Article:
In the context of land use planning, Maryland has attracted significant attention at the national scale for innovative planning efforts. In 1997, Maryland passed a package of legislation collectively referred to as ‘smart growth’. Distinct from earlier regulatory state level attempts to alter development patterns in states like Oregon and Florida, this approach relied on incentives to influence development patterns. This innovative ‘inside/outside’ approach to managing growth relies on targeting state funding to encourage growth and investment in existing urbanized areas and areas planned for development (Priority Funding Areas [PFAs]) while discouraging growth and encouraging the preservation of rural areas (Rural Legacy Areas). Transportation funding for new projects or increased capacity must be directed into PFAs, constituting 85% of total funding on average from 1999 to 2008. Though the statute restricts the expenditure of state funds for transportation outside areas targeted for development, the statutes offer little explicit guidance regarding integrating transportation and land use policies. This article proposes that Smart Growth efforts could be even stronger if land-use policies were integrated more closely with transportation policies. The Maryland Statewide Transportation Model is applied to test the impact of various Smart Growth policies and transportation policies. The paper concludes that Smart Growth could have a bigger impact if transportation policies played a larger role.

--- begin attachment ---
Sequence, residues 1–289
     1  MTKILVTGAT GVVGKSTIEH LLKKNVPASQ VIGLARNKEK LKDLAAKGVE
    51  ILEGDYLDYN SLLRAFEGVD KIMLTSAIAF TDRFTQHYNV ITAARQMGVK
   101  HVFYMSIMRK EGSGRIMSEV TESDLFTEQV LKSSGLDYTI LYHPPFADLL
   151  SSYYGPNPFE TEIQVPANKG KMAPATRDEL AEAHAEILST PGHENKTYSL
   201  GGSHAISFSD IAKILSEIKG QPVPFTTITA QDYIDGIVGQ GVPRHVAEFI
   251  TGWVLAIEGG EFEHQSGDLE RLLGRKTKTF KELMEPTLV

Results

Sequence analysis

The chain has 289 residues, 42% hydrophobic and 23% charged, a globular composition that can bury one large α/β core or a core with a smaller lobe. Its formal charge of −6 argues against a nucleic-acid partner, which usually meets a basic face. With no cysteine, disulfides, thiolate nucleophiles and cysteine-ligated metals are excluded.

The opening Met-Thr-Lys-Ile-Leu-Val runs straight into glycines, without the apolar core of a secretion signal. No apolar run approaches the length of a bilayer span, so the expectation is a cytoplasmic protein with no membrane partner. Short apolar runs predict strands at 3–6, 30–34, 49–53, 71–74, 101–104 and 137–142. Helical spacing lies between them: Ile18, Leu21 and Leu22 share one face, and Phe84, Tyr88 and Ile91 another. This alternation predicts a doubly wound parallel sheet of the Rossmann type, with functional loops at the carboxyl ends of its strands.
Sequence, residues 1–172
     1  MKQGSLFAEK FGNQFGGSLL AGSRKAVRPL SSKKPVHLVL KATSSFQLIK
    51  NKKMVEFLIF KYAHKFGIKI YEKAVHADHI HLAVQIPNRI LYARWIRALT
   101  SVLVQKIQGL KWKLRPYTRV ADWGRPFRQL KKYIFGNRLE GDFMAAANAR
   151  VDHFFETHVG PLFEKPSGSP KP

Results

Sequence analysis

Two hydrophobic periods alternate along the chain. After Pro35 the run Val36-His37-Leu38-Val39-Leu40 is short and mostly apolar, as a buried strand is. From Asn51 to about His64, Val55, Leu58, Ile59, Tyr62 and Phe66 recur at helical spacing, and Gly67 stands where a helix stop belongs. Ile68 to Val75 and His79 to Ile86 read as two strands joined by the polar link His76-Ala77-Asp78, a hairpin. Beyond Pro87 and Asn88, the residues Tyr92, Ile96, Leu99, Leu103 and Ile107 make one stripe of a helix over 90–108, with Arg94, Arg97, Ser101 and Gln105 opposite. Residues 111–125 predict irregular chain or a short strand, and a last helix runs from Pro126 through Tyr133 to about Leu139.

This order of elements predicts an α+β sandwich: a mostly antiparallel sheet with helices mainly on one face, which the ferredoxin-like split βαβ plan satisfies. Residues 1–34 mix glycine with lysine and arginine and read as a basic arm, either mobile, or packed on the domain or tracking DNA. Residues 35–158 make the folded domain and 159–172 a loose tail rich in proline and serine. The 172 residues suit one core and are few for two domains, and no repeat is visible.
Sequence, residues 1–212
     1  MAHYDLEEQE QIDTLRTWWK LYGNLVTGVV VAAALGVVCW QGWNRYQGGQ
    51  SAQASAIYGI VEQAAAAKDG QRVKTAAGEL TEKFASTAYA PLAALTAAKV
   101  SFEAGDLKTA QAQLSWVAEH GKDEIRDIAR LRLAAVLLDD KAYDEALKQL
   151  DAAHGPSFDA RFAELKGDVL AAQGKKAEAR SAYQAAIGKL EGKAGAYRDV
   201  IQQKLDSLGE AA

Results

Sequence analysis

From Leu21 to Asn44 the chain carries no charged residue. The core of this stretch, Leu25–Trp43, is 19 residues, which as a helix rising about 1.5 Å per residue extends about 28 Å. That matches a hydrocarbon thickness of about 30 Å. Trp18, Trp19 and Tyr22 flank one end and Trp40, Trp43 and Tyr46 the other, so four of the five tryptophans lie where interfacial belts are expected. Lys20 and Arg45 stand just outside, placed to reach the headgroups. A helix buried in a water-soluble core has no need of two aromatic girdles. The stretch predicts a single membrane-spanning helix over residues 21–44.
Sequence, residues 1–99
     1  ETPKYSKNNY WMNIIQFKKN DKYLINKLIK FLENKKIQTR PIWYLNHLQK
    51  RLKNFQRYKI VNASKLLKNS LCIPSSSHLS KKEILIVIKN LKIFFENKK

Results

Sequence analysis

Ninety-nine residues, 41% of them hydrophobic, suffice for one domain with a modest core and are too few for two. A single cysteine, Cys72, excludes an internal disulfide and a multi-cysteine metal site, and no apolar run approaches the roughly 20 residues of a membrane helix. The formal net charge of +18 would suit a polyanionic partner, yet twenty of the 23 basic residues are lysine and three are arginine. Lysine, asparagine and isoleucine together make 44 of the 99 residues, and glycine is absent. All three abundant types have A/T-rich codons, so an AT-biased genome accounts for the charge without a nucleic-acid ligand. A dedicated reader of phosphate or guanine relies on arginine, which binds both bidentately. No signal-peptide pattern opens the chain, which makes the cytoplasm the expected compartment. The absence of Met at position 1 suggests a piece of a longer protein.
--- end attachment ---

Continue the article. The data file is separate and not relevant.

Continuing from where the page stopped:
Document type: Article
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